The days are shortening and the northerly winds bring a cold nip to the morning air. Time to find the woolly hats, fill the log baskets and get ready for Samhain which begins on 31 October. This is one of the Celtic fire festivals when the doors on the hills open and the wee folk visit the realms of men. However care should when dealing with the Sidhe* and there are severe penalties for a mortal entering their world. The Great Darkness (the months of November and December) is also the time of storytelling and recalling the deeds of heroes.
On a more mundane level it is also time prepare the polytunnel for the winter season. The cucumbers have produced their last fruits and it is time to cut down the tomato vines and prepare the final batch of chutney. Although the fruits are still ripening they are losing their sweetness so they must make way for the crops which will fill the hungry gap next spring. The onions which have been drying on the benches are now being moved into storage to make way for the pots of the more delicate herbs which require some winter protection. I have been drying herbs for a few weeks now but I prefer to use fresh leaves when possible.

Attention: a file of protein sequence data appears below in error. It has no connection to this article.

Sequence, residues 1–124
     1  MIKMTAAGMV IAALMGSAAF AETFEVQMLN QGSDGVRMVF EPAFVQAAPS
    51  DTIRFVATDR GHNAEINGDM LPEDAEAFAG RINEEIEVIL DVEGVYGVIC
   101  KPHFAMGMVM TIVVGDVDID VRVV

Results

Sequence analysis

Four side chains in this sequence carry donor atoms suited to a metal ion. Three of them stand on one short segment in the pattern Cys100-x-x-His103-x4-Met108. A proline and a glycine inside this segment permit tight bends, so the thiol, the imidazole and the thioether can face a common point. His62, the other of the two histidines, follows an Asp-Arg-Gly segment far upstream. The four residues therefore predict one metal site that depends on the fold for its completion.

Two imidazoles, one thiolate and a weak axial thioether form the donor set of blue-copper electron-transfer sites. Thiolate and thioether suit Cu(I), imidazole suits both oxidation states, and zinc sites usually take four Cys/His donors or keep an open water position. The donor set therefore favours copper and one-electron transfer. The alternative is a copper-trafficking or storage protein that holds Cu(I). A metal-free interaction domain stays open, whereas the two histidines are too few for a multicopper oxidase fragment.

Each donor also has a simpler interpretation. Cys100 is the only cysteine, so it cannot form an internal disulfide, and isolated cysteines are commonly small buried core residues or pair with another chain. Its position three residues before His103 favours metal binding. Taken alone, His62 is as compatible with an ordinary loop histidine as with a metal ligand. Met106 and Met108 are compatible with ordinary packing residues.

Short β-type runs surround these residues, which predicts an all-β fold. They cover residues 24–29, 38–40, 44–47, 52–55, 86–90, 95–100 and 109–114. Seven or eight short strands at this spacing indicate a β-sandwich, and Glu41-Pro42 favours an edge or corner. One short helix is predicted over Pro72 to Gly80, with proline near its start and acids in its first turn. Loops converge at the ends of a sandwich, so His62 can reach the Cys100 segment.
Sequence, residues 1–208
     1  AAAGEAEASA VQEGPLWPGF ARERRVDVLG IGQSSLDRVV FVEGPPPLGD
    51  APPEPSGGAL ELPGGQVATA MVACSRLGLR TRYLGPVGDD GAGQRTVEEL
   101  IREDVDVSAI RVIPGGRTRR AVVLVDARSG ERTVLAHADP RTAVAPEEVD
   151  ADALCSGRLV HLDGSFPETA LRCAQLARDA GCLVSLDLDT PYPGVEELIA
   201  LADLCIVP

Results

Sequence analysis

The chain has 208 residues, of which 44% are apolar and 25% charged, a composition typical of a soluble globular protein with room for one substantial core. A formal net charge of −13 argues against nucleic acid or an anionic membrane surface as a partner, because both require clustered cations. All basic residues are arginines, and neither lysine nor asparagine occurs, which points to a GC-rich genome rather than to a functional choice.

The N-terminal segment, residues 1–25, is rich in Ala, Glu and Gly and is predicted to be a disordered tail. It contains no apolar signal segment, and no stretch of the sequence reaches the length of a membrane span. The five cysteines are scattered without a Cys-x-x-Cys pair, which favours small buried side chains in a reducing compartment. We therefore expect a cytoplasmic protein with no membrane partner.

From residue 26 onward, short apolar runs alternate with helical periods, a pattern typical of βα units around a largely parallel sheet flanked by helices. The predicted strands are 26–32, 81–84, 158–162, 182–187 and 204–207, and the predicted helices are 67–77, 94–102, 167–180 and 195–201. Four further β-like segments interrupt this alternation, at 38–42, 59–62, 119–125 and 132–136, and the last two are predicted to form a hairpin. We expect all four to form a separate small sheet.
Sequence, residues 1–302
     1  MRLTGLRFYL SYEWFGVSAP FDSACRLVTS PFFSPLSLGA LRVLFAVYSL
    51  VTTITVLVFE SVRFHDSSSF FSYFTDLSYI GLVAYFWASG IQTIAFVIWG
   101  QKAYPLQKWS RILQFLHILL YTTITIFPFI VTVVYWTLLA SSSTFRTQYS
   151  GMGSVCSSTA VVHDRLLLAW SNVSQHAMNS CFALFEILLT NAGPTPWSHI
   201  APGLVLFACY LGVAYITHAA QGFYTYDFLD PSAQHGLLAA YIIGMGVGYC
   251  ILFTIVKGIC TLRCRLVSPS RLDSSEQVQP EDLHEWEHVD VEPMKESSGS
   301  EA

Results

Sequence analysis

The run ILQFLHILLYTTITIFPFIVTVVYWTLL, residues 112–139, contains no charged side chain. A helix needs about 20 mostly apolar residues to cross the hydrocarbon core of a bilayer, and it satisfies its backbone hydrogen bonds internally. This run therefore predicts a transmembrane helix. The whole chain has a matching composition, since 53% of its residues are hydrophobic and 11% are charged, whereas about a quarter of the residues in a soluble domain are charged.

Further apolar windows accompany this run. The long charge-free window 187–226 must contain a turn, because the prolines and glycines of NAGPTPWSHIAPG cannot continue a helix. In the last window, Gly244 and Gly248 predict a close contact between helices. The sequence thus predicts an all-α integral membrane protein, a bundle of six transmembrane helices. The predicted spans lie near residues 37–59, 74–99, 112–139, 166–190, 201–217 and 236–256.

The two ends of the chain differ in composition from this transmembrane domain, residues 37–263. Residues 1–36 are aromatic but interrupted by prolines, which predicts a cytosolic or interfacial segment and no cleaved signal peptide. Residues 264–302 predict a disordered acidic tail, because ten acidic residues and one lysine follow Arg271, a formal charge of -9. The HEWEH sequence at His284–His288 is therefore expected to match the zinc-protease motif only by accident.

The baby beetroot and carrots will be ready to eat during November and the spinach is growing nicely. As the days shorten growth slows down but provided it does not get too cold the seedlings and young plants will enter a period of what appears to be suspended animation and then burst into life as soon as the day length increases.
There are still the early onions and potatoes to plant and these will go into the beds as soon as the ground has been prepared. Intensive cropping requires care to maintain soil fertility and health. Our sandy soil is so free draining that the volume of water flushed through the beds during the summer is sufficient to prevent a buildup of mineral salts from the use of liquid fertilisers. Whenever a crop has finished we add some new compost to the growing area which maintains the level of organic matter and replenish the soil micro-organisms.
The plants might be slowing down but there is still plenty of work to do in the garden but there is now the excuse of stopping work in the late afternoon as the light fades and temperature drops. Always a good excuse to call it a day and enjoy a cup of tea and a slice of cake by the fire.
“Sidhe – pronounced shee. The realm of the aos sí oraes sídhe literally the “people of the mounds”. They are not referred to directly but spoken of as the wee or fair folk. The aos sí are often appeased with offerings, and care is taken to avoid angering or insulting them. The Sidhe, often referred to as Tir nan Og, is seen as closer at dusk and dawn and during the festivals of Samhain, Beltane and Midsummer.